Pros: Good starting salary; lots of opportunity for upward advancement with commission earnings and sales bonuses; skills development in client-facing sales interactions
Cons: Success rate depends heavily on the quality of the product/service; commission-based salaries could be undependable
Opportunities for advancement: A successful AE can go on to sales management, or even to VP of sales, depending on the size of the company and breadth of competition.
Post-sales account manager
Description: After a deal has been closed, a post-sales account manager steps in to maintain the client relationship, work to renew contracts, and upsell on existing contracts. This role will even be responsible for reporting bugs to engineers to make sure their clients are able to use a product effectively.
Pros: Post-sales account managers have a wide range of responsibilities, from maintaining relationships to engaging in sales to working with developers to fix any bugs related to software. They also earn a higher average starting salary than AEs, outside sales reps, or SDRs.
Cons: While there is still opportunity for commission-based earnings increases, there is generally a lower cap on earnings because post-sales account managers aren’t in a direct sales role.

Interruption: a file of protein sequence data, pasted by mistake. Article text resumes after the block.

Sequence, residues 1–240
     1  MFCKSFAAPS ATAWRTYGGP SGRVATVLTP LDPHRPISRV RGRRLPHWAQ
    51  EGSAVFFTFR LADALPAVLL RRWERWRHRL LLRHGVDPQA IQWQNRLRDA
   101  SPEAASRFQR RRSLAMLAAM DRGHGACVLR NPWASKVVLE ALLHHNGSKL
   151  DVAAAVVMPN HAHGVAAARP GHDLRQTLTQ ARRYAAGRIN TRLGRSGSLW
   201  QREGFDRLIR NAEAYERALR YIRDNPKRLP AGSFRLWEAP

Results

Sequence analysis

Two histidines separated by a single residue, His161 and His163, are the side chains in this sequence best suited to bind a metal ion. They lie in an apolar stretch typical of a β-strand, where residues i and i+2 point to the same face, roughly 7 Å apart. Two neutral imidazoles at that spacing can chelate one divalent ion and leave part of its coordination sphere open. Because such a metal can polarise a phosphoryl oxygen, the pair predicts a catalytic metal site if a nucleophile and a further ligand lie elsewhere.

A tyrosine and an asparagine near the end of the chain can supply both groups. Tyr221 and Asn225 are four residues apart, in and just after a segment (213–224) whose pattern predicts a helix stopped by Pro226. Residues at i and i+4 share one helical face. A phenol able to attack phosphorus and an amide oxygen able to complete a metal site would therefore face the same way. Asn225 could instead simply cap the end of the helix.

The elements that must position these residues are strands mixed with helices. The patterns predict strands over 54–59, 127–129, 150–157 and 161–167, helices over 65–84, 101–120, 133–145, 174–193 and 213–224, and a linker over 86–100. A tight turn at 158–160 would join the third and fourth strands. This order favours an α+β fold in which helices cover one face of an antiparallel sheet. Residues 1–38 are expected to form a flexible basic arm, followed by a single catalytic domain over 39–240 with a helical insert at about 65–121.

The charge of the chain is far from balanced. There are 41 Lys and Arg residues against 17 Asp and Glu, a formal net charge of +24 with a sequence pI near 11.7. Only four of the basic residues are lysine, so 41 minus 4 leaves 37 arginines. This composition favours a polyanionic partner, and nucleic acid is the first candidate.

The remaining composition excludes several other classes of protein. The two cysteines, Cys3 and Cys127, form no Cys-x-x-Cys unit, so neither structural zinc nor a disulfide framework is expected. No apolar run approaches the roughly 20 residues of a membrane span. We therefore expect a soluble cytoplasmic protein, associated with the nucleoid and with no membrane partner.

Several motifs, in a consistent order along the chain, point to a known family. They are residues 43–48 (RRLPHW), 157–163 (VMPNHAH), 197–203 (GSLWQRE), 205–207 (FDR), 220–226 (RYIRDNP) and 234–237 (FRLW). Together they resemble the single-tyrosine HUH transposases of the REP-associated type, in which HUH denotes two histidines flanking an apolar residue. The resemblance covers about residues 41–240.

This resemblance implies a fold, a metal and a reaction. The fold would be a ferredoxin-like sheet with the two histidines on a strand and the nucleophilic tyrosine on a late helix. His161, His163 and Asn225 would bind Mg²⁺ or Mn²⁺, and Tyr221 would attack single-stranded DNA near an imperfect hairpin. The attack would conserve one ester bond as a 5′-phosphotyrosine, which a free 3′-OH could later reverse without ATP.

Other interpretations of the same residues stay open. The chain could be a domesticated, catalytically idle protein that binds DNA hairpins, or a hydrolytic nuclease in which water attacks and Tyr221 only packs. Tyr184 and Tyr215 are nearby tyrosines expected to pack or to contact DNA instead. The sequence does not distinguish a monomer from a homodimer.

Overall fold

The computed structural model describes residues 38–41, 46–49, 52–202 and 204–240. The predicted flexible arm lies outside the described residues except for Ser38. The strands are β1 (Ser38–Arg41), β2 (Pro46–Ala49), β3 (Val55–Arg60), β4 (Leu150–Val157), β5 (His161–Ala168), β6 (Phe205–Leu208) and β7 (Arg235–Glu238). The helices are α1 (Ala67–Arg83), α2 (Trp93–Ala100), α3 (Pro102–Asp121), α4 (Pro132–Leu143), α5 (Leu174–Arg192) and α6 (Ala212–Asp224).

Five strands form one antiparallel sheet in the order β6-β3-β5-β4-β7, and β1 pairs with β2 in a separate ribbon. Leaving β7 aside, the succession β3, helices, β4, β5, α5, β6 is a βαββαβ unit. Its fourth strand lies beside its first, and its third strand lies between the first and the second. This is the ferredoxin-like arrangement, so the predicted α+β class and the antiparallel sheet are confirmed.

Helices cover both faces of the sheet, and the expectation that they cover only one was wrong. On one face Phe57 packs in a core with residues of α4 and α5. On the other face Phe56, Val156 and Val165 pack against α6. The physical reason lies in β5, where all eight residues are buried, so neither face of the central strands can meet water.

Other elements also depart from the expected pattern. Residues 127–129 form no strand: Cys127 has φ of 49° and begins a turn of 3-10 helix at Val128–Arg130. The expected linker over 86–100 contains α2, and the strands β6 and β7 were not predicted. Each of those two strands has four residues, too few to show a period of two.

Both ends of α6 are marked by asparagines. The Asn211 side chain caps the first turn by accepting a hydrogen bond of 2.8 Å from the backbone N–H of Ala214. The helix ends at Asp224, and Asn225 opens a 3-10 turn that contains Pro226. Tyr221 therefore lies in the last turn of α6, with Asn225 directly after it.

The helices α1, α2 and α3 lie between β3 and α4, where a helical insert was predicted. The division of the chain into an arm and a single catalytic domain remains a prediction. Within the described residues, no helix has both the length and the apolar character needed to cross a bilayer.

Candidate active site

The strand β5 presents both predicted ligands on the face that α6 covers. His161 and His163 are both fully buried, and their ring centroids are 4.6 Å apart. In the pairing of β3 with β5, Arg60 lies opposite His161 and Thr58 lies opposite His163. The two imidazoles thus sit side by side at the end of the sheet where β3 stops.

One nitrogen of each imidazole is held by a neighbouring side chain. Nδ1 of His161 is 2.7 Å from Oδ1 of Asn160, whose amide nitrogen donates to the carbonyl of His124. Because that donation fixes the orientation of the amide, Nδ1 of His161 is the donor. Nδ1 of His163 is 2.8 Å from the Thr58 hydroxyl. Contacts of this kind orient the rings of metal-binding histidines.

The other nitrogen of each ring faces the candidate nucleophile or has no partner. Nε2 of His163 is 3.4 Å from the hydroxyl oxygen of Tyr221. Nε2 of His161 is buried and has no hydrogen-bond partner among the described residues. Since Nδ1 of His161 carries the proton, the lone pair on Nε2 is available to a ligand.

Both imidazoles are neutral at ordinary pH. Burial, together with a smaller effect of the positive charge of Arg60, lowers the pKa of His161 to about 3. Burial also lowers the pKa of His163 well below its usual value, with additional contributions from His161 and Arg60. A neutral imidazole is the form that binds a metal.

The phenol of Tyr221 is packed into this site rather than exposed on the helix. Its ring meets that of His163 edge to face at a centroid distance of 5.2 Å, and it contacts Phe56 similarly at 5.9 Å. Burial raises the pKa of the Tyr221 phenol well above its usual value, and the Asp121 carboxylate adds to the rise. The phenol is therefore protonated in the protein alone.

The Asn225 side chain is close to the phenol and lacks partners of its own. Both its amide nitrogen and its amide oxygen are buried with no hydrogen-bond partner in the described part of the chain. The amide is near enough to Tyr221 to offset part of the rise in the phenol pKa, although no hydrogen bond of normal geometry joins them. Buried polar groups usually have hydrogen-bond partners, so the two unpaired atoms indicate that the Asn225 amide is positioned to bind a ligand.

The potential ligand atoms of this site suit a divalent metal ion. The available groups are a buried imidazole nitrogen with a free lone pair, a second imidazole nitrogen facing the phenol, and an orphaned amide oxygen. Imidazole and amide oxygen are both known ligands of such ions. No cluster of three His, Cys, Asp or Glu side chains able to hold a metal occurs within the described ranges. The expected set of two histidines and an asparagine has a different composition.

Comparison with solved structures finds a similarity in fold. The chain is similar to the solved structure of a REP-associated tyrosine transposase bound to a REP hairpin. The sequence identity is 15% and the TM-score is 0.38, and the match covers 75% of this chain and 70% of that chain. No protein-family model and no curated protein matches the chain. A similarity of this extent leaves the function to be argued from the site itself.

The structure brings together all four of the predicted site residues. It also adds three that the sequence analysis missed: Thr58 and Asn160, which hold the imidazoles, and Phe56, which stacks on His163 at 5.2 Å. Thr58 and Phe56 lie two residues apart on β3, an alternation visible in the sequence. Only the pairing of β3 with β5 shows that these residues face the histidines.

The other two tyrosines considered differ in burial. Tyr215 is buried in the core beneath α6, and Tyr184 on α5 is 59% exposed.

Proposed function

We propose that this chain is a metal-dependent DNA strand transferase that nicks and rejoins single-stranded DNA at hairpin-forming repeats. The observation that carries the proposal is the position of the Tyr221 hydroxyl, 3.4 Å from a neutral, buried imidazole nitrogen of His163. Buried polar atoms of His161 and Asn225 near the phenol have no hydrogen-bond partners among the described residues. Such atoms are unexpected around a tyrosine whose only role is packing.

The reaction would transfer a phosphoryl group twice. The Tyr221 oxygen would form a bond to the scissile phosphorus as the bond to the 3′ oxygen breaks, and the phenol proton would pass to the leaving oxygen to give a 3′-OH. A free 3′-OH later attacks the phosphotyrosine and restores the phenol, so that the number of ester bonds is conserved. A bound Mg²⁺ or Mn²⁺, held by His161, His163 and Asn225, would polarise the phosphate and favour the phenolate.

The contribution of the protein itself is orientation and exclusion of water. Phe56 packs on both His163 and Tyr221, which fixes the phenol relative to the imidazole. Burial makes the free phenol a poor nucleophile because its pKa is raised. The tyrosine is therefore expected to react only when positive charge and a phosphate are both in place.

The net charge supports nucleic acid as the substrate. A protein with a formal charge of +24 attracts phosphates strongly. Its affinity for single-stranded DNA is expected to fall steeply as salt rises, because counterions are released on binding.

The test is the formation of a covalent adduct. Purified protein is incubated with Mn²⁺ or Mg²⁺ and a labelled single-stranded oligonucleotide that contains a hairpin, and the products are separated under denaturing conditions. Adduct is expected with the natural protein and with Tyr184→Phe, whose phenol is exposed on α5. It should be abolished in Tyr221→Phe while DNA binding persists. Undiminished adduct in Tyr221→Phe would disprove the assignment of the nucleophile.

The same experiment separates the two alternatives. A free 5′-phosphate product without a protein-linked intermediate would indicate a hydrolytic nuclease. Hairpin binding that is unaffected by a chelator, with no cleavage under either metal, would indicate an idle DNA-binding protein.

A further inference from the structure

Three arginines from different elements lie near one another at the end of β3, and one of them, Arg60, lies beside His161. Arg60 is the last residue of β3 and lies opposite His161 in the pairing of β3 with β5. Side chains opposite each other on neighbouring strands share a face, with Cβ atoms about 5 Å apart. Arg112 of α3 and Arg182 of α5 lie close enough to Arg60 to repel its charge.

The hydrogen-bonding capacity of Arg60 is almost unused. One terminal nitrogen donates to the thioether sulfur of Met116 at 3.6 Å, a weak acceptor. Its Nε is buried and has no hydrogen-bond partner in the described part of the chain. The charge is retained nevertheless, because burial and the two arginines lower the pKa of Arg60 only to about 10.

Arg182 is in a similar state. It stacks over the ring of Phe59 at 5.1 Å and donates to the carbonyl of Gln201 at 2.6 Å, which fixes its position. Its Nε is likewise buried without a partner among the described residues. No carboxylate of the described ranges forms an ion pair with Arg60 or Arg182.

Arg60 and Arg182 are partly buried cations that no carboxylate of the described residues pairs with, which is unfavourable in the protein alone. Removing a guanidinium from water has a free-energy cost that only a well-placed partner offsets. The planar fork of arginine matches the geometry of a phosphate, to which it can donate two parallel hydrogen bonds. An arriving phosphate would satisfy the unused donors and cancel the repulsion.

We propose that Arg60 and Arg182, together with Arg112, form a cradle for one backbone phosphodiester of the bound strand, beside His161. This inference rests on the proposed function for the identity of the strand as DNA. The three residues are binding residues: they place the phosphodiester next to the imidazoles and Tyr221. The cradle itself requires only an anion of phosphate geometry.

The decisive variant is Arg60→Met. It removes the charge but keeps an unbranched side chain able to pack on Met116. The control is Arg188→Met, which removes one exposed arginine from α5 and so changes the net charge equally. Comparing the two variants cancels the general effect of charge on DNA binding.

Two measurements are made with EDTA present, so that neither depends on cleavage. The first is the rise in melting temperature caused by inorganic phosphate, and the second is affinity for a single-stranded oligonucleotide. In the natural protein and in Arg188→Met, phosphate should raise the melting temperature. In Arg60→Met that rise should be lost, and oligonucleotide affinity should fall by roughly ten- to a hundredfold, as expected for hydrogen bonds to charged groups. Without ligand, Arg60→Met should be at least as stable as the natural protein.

Opportunities for advancement: Post-sales account managers can advance to excellent sales managers or VPs.
Description: Sales management roles generally only exist when a company has reached a certain size. Sales managers oversee their sales teams and are usually well-performing salespeople themselves. Additionally, while a VP of sales is responsible for crafting a sales strategy, sales managers are responsible for executing it, training and managing their respective sales teams, monitoring their progress, and reporting back to a VP of sales.
Base salary: $89,000 to $95,000
On-target earnings: $127,000 to $147,000
Pros: Great starting salary and great earning opportunity from commission
Cons: Less client-facing work and more company oversight